The League for Programming Freedom is an organization that
opposes software patents and user interface copyrights.
Patent troll Intellectual Ventures sues the security vendors Check Point
Software Technologies, McAfee, Symantec and Trend Micro for software patent
US Supreme Court agrees to hear Microsoft's appeal in I4I vs
Microsoft, reagrding standard of evidence for invalidating patents.
LPF founder, Richard Stallman, with a placard reading, "Don't get
caught in software patent thickets", said during a European Patent
Office presentation in Brisbane, AU:
"We're here at the World Computer Congress and what I've discovered
is that the European Patent Office is here to campaign in favour of
software patents in Australia. You can be sure that if Australia
allows software patents, almost all the patents will belong to
foreigners and will give them the opportunity to sue Australians.
There's no problem that requires a solution with anything like
software patents. Without software patents ... neither of us would
get sued by the various patent troll companies whose sole business
is collecting patents so that they could go threaten people."
Interval Licensing (i.e., Paul Allen, co-founder of Microsoft) sues
AOL, Apple, eBay, Facebook, Google, Netflix, Office Depot,
OfficeMax, Staples, Yahoo! and YouTube for patent infringement.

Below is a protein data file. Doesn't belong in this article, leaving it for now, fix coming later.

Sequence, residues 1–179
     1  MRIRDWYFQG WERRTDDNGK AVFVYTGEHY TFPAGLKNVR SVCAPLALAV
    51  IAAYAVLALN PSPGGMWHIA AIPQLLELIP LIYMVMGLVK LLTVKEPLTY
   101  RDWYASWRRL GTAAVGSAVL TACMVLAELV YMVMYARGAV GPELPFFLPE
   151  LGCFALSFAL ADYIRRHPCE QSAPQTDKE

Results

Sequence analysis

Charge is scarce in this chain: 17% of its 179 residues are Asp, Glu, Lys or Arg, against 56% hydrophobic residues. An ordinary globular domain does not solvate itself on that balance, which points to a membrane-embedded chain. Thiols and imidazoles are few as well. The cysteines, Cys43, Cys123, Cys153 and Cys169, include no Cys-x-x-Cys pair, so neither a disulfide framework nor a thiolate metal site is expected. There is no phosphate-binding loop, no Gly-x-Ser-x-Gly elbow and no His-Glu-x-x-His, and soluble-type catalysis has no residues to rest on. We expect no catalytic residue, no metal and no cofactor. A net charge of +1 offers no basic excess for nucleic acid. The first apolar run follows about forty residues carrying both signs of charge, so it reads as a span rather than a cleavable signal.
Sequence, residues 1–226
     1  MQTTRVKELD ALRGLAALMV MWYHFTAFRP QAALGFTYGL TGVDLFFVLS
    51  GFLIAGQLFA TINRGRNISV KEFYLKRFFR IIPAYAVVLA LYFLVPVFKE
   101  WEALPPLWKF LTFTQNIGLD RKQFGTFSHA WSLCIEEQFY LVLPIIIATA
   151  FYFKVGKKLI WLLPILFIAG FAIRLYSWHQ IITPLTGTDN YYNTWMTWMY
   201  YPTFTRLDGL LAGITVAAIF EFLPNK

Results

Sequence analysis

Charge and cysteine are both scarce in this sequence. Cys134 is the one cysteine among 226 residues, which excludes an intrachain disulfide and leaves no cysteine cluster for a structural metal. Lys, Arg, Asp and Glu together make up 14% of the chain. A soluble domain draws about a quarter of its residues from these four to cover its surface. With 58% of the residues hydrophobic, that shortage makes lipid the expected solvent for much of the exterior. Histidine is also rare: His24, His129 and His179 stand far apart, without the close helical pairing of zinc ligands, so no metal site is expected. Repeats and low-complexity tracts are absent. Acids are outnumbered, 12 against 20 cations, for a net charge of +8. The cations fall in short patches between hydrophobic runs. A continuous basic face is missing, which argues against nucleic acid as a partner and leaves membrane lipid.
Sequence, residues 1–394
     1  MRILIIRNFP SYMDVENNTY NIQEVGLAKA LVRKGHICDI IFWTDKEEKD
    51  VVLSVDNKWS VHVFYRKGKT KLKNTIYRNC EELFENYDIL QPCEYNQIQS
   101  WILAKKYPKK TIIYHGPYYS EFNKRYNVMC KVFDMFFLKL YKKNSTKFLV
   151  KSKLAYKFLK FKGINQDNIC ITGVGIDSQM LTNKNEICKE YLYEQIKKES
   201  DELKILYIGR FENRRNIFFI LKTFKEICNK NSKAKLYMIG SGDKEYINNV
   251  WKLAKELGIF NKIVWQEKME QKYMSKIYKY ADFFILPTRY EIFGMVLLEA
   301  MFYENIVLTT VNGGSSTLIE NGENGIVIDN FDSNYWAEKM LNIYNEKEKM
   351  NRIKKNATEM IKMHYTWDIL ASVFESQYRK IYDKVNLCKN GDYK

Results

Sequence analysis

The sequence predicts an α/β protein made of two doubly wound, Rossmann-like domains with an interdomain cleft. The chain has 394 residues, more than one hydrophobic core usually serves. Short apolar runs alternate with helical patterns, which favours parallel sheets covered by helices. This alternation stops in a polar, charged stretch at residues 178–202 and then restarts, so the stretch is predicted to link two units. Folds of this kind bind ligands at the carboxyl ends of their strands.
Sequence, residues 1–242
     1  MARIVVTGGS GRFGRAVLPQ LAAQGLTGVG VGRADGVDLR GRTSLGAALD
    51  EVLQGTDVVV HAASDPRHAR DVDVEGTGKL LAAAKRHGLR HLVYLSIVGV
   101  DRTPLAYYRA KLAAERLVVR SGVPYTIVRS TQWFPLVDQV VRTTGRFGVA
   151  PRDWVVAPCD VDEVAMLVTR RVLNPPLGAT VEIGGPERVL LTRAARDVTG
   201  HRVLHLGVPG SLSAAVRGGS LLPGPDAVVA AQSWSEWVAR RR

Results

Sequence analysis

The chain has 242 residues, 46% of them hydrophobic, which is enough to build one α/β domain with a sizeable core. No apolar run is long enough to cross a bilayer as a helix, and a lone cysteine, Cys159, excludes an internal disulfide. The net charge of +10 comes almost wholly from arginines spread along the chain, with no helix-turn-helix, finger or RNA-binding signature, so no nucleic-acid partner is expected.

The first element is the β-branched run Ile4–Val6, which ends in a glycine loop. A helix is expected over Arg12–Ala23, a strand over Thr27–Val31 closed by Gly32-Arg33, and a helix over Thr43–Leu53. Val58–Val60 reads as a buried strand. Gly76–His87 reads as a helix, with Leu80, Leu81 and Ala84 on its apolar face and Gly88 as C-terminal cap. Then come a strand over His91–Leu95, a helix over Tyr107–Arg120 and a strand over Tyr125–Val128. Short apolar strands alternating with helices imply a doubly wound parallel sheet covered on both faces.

Help End Software Patents reply to USPTO's request for comment on new
guidelines for patent examiners following the Bilski "decision".
Oracle sues Google: Oracle filed a patent and copyright infringement
lawsuit against Google over Android.
Bilski v. Kappos decided by the US Supreme Court, narrowly ruling to affirm
the Federal Circuit in invalidating the Bilski patent, while
cautioning that courts "should not read into the patent laws limitations
and conditions which the legislature has not expressed."
LPF analysis to follow...
Election results from Annual Meeting.
Patent Absurdity is a
half-hour film, using the Bilski case as a backdrop to explain the
problems caused by software patents and how software became
patentable in the USA. http://patentabsurdity.com/
Notice of LPF Annual Meeting and Election
Help EFF bust a US patent on podcasting
granted to Volomedia:
[EFF Patent Busting Project]
Microsoft attempts to patent Sparklines
NYT editorials on Bilski and patents:
Oral arguments in Bilski v. Kappos were held today at the US
Supreme Court. Summary:
The Internet chapter of the Anti-Counterfeiting Trade Agreement
(ACTA), drafted in secret by the Obama administration, has apparently been
leaked. It includes onerous provisions for globalizing "digital
rights management", "technology protection measures", third-party
liability and safe harbors for ISPs.
[Summary of EU reaction]
To encourage additional members, the LPF
Board has extended the $5 membership period until the next Annual Meeting,
planned for January or February 2010.
Two patent infringement lawsuits against Facebook.
Eolas is back!
Free Software Foundation, Software Freedom Law Center and Red Hat file
amicus briefs in Bilski v. Kappos.
LPF President Dean Anderson has sent a notice to former members
announcing the return of the LPF.
[Letter to Former Members].